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Ready to grab the attention of a hiring manager and get the interview? The best resume tip of all is this: quantify your accomplishments. This will build your value as a job candidate and help you get more interviews.

What is quantification?

Quantification means using numbers, dollars, or percentages.  You’re quantifying your accomplishments on your resume, so you’re describing them using numbers, dollars, or percentages instead of using only words.

Why is quantification so important?

Numbers are attention-getters. They provide evidence or proof that you’re valuable. So, if your resume demonstrates that you can cut costs, generate revenue, improve efficiency, increase productivity, and so on, then they’re going to see you as valuable and want to talk to you.

Countless job seekers I’ve worked with who had no luck getting interviews only changed this one thing—they added quantification to their resume—and they got more interviews immediately. (See The Halo Effect of a Quantified Resume)

Best resume tip: How to incorporate quantification

Each job on your resume should include bullet points of quantified accomplishments (what you accomplished in that job).

How did you in your role contribute to revenue, growth, efficiency, improvements, or profits? Think about rankings, accuracy, budgets, schedules, turnover rates, procedures, customers, or sales.

With everything you did, think about how much, how often, how many, etc. Add that information.

Here are some examples of how you could improve your resume with quantification:


Instead of saying, “Responsible for bringing in new clients,” you could say, “Brought in 20 new clients in 3 months,” or “Brought in new clients worth $4M.”



“Top-ranked sales rep” is good, but “#1 sales rep” is better, and “#1 sales rep out of 34 reps” is the best.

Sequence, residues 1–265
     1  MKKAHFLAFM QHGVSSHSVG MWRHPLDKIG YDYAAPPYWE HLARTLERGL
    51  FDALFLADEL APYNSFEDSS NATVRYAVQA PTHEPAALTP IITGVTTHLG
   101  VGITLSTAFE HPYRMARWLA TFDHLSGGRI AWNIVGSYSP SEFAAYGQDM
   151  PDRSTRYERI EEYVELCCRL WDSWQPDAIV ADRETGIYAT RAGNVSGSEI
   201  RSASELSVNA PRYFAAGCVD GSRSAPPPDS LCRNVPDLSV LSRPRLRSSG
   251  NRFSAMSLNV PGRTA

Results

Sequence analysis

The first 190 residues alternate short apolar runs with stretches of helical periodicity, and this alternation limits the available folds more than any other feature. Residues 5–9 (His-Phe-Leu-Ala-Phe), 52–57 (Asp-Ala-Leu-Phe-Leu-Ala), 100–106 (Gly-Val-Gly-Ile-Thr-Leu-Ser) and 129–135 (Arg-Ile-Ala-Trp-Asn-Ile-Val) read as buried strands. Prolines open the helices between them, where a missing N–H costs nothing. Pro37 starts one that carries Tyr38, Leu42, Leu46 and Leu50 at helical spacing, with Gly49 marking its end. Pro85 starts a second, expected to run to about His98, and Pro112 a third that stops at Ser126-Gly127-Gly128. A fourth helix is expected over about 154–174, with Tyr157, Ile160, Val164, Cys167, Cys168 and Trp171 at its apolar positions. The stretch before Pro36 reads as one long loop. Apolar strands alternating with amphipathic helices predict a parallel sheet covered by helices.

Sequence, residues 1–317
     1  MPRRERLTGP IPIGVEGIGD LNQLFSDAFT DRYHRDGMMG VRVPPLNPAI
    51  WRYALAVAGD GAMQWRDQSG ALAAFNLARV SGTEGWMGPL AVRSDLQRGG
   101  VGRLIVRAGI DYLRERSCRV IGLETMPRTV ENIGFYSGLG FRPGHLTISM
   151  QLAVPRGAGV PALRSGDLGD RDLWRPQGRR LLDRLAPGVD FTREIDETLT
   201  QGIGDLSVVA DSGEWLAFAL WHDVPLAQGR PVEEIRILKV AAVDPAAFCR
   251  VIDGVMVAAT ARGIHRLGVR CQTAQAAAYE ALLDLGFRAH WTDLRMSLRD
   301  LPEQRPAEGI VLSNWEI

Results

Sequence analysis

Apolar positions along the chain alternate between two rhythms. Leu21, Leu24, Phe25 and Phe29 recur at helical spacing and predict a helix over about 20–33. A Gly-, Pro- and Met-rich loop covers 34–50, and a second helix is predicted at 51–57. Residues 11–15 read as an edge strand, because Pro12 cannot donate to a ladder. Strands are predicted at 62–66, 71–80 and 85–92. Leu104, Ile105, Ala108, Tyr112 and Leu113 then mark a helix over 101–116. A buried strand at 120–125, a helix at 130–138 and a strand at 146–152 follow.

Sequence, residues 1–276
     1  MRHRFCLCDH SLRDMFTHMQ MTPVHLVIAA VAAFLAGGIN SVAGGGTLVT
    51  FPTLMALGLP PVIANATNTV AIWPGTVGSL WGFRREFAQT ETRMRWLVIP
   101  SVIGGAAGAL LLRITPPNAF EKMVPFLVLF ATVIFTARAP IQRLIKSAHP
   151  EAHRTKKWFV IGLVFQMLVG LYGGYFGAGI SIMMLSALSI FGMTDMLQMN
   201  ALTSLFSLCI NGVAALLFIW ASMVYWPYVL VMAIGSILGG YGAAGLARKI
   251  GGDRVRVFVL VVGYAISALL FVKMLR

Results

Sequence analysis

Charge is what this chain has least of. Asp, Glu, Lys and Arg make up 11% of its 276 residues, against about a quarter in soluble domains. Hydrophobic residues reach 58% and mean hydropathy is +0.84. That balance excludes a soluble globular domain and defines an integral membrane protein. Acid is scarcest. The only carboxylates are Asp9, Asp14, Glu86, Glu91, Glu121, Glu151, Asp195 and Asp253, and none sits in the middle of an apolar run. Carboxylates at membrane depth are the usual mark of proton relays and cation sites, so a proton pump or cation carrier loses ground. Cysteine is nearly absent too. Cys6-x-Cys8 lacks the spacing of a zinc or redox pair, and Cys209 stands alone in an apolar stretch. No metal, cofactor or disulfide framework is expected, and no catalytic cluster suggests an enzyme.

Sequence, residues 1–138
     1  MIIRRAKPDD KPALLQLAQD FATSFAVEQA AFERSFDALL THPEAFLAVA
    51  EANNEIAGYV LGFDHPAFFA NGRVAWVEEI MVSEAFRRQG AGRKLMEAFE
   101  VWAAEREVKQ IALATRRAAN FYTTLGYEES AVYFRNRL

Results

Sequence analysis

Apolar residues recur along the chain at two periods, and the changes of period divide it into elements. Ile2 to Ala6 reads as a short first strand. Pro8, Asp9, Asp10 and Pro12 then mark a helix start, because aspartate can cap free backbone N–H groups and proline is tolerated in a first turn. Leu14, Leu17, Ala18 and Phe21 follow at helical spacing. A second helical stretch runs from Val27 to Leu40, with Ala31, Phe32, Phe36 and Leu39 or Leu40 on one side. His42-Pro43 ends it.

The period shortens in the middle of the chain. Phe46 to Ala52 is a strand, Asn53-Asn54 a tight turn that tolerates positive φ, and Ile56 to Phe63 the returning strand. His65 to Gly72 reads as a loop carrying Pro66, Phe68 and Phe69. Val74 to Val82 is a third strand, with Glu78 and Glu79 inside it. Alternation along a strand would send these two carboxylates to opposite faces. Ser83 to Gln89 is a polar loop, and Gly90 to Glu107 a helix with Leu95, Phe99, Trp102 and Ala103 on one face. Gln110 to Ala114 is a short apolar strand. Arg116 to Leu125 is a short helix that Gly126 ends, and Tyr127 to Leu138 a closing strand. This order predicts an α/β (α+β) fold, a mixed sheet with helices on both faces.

If you’re a new graduate, this works well when describing your GPA and class rank, too. (But only if it’s very good.)  An OK resume would talk about how you were on the Dean’s List, but a great resume would say that you “Maintained 3.7 GPA over 4 years,” or you ranked “#3 in class of 432.”


Instead of, “Maintained company database accuracy,” you’d want to be specific: “Achieved 100% accuracy in a 50,000-item database over 2 years.”  You’ve answered the questions, ‘How well?’ ‘How big?’ and ‘How long?’ These are important details that paint a clearer and stronger picture of your skills and abilities.

Numbers are everywhere

You can incorporate numbers around budgets, projects, schedules, production, procedures, and more. For just about every accomplishment, there’s a way to quantify it. If you weren’t making money, saving money, or saving time (which equals money), that company wouldn’t be able to afford to pay you. Show potential employers that you’re valuable with quantification.

It may take some effort to go back through your records and find these numbers, but the effort is worth it because you’ll get interviews.

Get More Help Here

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